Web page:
In this section learn more about the history of the course and its hometown, see a selection of historic and current images of the course, learn about what the course is like today, and discover nearby historic sites.
The Eglin Golf Course's Eagle Course is located in the City of Niceville in Okaloosa County. Although the golf course is located within the city limits of Niceville it was originally associated with the town of Valparaiso. In 1922, Chicago businessman James E. Plew (founder of the Chicago Towel Company), came to Valparaiso and became one of Northwest Florida's pioneer developers. He founded the Bank of Valparaiso and constructed the Valparaiso Inn. At the same time, he organized the Chicago Country Club of Valparaiso, which constructed the golf course. Memberships were marketed to Chicago businessmen, doctors and lawyers who came to the area. The golf course operated as a 9-hole course until 1927 when the firm of William Langford and Theodore Moreau was hired to design an 18-hole course. In November of that same year, 200 golfers left Chicago aboard a special deluxe train to attend the formal opening of the golf course. Noted golf writer John Healy wrote, “Facing a landlocked bay down in the Gulf Coast country, on the Vale of Paradise, where the sun shines and shines, where the breezes are balmy and gentile, lies as ‘sporty’ an 18 hole course as may be found south of the Mason-Dixon line.” Like the fate of many private golf clubs of the late 1920s, the country club went bankrupt in 1929, and the name was changed to the Valparaiso Country Club.
The Valparaiso Inn and the Valparaiso Country Club operated as a resort throughout the 1930s, advertising in the 1939 Okaloosa News Journal as having “Beautiful Grass, Greens and Tees, 6,350 yards, 5 water Holes, with fees of $1.00 per day.” Shortly after, the course was reduced back to nine holes and left to nature’s devices for nearly a decade.
In 1934, Plew offered the U.S. government a donation of 1,460 contiguous acres for a bombing and gunnery range that became known as the Valparaiso Bombing and Gunnery Range. In 1937, the base was re-designated Eglin Field in honor of Lieutenant Colonel Frederick I. Eglin, U.S. Air Corps, killed on January 1, 1937, in an aircraft accident. In 1949, the Plew family sold the course to the government and the course was renovated and re-established as an 18-hole course. The Eagle Golf Course (named after the F-15 Eagle fighter aircraft) is one of two 18-hole courses at the Eglin Golf Course Complex.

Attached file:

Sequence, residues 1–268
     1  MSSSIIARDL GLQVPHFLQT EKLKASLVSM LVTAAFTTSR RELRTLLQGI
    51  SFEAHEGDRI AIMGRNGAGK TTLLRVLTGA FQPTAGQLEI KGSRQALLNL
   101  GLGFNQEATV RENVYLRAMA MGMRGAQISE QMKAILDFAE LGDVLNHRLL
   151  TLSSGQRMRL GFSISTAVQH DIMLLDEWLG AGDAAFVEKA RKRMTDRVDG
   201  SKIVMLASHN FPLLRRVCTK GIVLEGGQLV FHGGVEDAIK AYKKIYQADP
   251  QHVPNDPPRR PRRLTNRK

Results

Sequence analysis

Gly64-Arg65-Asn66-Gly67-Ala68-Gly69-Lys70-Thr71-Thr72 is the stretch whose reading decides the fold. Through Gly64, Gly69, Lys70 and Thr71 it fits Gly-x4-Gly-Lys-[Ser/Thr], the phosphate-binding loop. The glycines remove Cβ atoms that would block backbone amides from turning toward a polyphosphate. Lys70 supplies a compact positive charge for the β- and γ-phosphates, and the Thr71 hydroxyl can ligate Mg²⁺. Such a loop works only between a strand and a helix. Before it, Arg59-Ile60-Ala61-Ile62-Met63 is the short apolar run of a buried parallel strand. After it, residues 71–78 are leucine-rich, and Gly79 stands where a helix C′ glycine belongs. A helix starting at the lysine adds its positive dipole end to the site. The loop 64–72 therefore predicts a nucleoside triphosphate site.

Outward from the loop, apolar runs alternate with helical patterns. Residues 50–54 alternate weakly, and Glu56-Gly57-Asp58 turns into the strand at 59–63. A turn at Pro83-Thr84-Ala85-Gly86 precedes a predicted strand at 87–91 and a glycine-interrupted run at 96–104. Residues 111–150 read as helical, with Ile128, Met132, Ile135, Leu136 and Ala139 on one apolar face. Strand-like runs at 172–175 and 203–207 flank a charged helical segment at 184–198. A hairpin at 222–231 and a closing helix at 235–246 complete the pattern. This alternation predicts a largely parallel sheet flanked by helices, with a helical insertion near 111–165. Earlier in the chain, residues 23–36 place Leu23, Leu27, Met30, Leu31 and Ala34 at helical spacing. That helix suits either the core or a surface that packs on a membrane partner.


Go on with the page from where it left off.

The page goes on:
The Eagle Course has two unique holes, number 6 and 7, both require a blind tee shot over a hill. After playing the second shot, golfers must ring a bell to alert the players behind them that it’s safe to tee off. On number 6 players ring the bell once and on 7 they ring it twice. No. 7 used to have another very unique feature for a Florida golf course - a rope tow. To help golfers “climb up” the steep approach to the 7th green, a powered rope tow (similar to ones seen on a snow ski course) was installed. It also helped golfers who carried their clubs or used a pull cart. It was removed several years ago but the crumbling asphalt path is still evident.
Stand-Up-Paddleboarding-The sport of stand-up-paddle boarding (SUP) has exploded since the mid-2000s. Popularity has spread beyond beach towns to inland, where SUPs can now be seen at the beach, bay, lake or river. An SUP features the stability of a kayak and the fun factor of a surfboard, for a variety of activities including racing, exploring and fishing. Some form of stand up paddling has been around for thousands of years. Florida ’s own Seminole Indians poled and paddled their dugout canoes from a standing position in the Everglades. One of Florida’s first SUP companies, YOLO Board East Coast Shop, is located a short drive from the Eglin Eagle Golf Course and steps away from the beautiful white sands and emerald green waters of the Gulf of Mexico. Visit YOLO Board for more details.
1527 Fairway Drive
Niceville, Florida 32588
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